Journal Article

Vaginal progesterone is as effective as cervical cerclage to prevent preterm birth in women with a singleton gestation, previous spontaneous preterm birth, and a short cervix: Updated indirect comparison meta-analysis

Background
An indirect comparison meta-analysis published in 2013 reported that both vaginal progesterone and cerclage are equally efficacious for preventing preterm birth and adverse perinatal outcomes in women with a singleton gestation, previous spontaneous preterm birth, and a sonographic short cervix. The efficacy of vaginal progesterone has been challenged after publication of the OPPTIMUM study. However, this has been resolved by an individual patient-data meta-analysis (Am J Obstet Gynecol. 2018;218:161-180).

Objective
To compare the efficacy of vaginal progesterone and cerclage in preventing preterm birth and adverse perinatal outcomes in women with a singleton gestation, previous spontaneous preterm birth, and a midtrimester sonographic short cervix.

Data Sources
MEDLINE, EMBASE, LILACS, and CINAHL (from their inception to March 2018); Cochrane databases, bibliographies, and conference proceedings.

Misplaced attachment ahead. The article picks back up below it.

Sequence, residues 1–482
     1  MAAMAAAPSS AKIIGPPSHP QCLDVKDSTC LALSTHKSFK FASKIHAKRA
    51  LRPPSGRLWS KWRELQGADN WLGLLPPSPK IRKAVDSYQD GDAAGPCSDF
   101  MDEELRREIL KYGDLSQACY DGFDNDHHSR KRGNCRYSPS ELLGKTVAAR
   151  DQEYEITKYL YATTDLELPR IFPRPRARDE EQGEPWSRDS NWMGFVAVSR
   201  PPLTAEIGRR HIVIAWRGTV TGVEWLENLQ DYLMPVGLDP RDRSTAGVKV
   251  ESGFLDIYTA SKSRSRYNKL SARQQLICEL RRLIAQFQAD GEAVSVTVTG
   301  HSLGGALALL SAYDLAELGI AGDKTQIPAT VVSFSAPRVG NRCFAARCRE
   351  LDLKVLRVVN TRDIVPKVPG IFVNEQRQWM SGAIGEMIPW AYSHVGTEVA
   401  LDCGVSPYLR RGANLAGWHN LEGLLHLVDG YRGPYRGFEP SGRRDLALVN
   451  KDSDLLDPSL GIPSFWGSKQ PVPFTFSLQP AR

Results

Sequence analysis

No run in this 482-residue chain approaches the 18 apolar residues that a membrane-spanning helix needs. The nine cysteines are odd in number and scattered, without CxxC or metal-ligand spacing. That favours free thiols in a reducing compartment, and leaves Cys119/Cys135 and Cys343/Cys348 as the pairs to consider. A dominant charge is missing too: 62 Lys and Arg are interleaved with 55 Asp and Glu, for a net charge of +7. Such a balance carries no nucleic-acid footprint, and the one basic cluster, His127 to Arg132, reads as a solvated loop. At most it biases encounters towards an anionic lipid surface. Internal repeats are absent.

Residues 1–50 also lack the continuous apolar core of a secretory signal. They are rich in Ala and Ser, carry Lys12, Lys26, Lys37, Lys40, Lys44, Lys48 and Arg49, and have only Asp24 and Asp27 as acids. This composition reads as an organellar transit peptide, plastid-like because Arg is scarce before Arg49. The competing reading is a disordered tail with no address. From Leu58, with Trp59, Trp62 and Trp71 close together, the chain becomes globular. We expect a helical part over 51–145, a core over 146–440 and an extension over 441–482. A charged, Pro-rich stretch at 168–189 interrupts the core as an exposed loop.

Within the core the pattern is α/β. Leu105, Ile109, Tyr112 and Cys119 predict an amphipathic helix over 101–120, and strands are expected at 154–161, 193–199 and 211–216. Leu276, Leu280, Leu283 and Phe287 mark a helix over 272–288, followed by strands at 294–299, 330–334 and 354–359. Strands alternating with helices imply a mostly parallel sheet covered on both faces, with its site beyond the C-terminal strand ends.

Study Eligibility Criteria
Randomized controlled trials comparing vaginal progesterone to placebo/no treatment or cerclage to no cerclage in women with a singleton gestation, previous spontaneous preterm birth, and a sonographic cervical length <25 mm.

Study Appraisal and Synthesis Methods
Updated systematic review and adjusted indirect comparison meta-analysis of vaginal progesterone vs cerclage using placebo/no cerclage as the common comparator. The primary outcomes were preterm birth <35 weeks of gestation and perinatal mortality. Pooled relative risks (RRs) with 95% confidence intervals were calculated.

Results
Five trials comparing vaginal progesterone vs placebo (265 women) and 5 comparing cerclage vs no cerclage (504 women) were included. Vaginal progesterone, compared to placebo, significantly reduced the risk of preterm birth <35 and <32 weeks of gestation, composite perinatal morbidity/mortality, neonatal sepsis, composite neonatal morbidity, and admission to the neonatal intensive care unit (RRs from 0.29 to 0.68). Cerclage, compared to no cerclage, significantly decreased the risk of preterm birth <37, <35, <32, and <28 weeks of gestation, composite perinatal morbidity/mortality, and birthweight <1500 g (RRs from 0.64 to 0.70). Adjusted indirect comparison meta-analyses did not show statistically significant differences between vaginal progesterone and cerclage in the reduction of preterm birth or adverse perinatal outcomes.

Conclusion
Vaginal progesterone and cerclage are equally effective for preventing preterm birth and improving perinatal outcomes in women with a singleton gestation, previous spontaneous preterm birth, and a midtrimester sonographic short cervix. The choice of treatment will depend on adverse events and cost-effectiveness of interventions and patient/physician’s preferences.